We are the first to agree with the popular adage that everything in life is a choice. But to consider love as a choice seems almost blasphemous. Is it not something sacred, something divinely inspired? Well yes, it can indeed be divinely inspired, but it is the act of falling in love that we speak of when we talk of divine inspiration. Being in love is something entirely different. For to be in love implies a prolonged attachment to someone. However, the process of falling in love can end almost as soon as it began.

Where there is no recognized difference between falling in love and being in love, two people may believe that the lack of overwhelming passion and exuberance that was part of the former indicates that the latter is without depth or worth. Just as it is easy to mistake lust for love, it is also easy to mistake the process of falling out of love and into being in love with the end of love. At the same time, the process of falling in love can be mistaken for much more than it is. It can seem to be life-changing, but the alterations it brings into one’s life are transitory, at best. It reaches the heights of emotion with a rapidity that seems miraculous and makes one feel as if the world one lives in has come alive again.

In reality, a void within oneself has been filled — a loneliness and longing to escape one’s everyday existence into something magical, almost surreal. We imagine that the euphoria will last forever, and the person we love seems to be an angel or a dream sent down from heaven to fulfill our deepest needs. But another person cannot fulfill needs that are our own, and, in expecting them to do so, the process of falling in love will come to a halt, usually quite suddenly. Then, we will look around and ask ourselves, ‘What was I thinking?’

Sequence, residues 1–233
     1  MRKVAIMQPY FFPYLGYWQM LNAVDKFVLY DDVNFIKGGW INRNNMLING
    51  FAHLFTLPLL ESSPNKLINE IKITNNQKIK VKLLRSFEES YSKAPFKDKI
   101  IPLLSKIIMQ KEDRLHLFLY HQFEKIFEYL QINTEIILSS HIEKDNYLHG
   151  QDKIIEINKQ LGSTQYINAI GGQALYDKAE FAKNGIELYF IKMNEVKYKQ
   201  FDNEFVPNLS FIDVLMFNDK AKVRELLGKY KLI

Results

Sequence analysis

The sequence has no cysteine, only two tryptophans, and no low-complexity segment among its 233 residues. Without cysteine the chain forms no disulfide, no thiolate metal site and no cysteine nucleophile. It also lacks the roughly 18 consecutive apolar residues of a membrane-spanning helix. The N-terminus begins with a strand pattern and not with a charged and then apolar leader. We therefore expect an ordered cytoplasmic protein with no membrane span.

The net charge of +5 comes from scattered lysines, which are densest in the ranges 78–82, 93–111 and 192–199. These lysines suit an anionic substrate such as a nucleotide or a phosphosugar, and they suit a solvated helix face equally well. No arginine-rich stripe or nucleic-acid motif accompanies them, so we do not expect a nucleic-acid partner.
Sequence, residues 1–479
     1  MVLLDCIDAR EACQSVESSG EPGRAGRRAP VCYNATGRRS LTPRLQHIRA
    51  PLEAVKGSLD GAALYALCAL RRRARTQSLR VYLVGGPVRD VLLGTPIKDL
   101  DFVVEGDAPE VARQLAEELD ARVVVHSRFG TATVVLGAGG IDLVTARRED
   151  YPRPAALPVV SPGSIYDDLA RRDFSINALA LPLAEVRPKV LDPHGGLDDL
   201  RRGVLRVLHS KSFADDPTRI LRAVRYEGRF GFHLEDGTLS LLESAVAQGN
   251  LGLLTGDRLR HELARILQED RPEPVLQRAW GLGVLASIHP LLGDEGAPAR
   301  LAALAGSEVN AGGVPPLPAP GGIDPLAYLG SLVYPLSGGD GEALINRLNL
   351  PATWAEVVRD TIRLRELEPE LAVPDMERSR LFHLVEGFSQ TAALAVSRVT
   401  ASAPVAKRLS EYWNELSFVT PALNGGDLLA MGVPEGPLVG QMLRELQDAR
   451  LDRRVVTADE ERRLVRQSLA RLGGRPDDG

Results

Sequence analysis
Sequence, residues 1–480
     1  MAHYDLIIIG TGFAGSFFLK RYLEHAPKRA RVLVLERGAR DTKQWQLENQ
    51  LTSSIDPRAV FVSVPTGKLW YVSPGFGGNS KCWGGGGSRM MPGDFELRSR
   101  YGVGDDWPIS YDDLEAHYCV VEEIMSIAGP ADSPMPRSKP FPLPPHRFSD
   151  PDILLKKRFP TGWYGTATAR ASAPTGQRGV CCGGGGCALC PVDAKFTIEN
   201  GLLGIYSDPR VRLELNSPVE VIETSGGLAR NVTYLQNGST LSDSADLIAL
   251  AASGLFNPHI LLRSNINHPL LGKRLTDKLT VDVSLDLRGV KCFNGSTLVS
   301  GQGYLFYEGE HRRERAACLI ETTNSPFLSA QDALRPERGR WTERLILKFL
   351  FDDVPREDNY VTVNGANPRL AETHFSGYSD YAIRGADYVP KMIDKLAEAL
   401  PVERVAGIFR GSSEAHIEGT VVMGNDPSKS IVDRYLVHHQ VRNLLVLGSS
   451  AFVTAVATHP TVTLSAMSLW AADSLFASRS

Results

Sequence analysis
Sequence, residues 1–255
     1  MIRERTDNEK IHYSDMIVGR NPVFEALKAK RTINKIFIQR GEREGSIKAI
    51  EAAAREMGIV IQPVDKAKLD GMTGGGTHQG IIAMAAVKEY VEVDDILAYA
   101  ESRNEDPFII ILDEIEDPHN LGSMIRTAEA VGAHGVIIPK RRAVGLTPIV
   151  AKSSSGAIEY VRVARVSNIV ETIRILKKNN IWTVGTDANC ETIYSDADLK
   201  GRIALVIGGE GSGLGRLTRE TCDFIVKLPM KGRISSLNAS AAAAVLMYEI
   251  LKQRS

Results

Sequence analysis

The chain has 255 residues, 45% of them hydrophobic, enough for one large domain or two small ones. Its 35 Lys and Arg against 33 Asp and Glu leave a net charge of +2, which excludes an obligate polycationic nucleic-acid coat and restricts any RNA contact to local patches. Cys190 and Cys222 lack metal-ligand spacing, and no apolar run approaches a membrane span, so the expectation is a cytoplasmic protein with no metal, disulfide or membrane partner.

Yet if the process of falling in love makes a smooth transition into being in love, these doubts do not exist. For though being in love does not flow with the same fervor that falling in love does, it is the only experience through which a person can truly be transformed. But the state of  being in love takes time and patience to develop, and these are things that the world encourages us to forget. If we meet someone whom we think might be our ideal, we leap into the unknown, often falling in love in a very short time — a few days or even a few hours. In our minds this is real. Yet, alas, what we are in love with is not the ideal but only our image of the ideal.

How is this image created? By piecing together parts of the possible ideal that match up with our fantasies and disregarding those parts that don’t. We have created our beloved ourselves. He or she does not really exist. And although this discovery may happen gradually or quickly, when the realization comes about, we feel not only devastated but also betrayed. Instead of understanding that we betrayed ourselves by creating an illusion, we blame the other person for failing to be all that we hoped and imagined. As the process happens again and again, we begin to question love itself. If love exists, why doesn’t it ever seem to last? And why do people who have been married for two decades or more stay together when there no longer seems to be obvious passion or amorous excitement between them?

The answer is simple. We have confused the process of falling in love with being in love. We have confused feeling with an act of the will. We have deceived ourselves into imagining that the euphoria and bliss that falling in love brings must be present in every form of love.


This essay and all written material at My Odyssey is written by Sascha Norris. (C) Copyright 2012 by Sascha Norris. All Rights Reserved.